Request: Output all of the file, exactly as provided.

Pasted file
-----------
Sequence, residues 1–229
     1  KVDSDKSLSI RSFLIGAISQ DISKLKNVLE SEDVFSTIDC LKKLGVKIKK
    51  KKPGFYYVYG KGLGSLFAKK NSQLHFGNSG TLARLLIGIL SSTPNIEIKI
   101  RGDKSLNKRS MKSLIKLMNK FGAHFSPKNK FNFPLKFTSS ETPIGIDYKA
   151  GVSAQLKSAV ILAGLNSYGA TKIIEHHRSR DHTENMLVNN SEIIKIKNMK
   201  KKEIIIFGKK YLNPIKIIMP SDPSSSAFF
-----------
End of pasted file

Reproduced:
Sequence, residues 1–229
     1  KVDSDKSLSI RSFLIGAISQ DISKLKNVLE SEDVFSTIDC LKKLGVKIKK
    51  KKPGFYYVYG KGLGSLFAKK NSQLHFGNSG TLARLLIGIL SSTPNIEIKI
   101  RGDKSLNKRS MKSLIKLMNK FGAHFSPKNK FNFPLKFTSS ETPIGIDYKA
   151  GVSAQLKSAV ILAGLNSYGA TKIIEHHRSR DHTENMLVNN SEIIKIKNMK
   201  KKEIIIFGKK YLNPIKIIMP SDPSSSAFF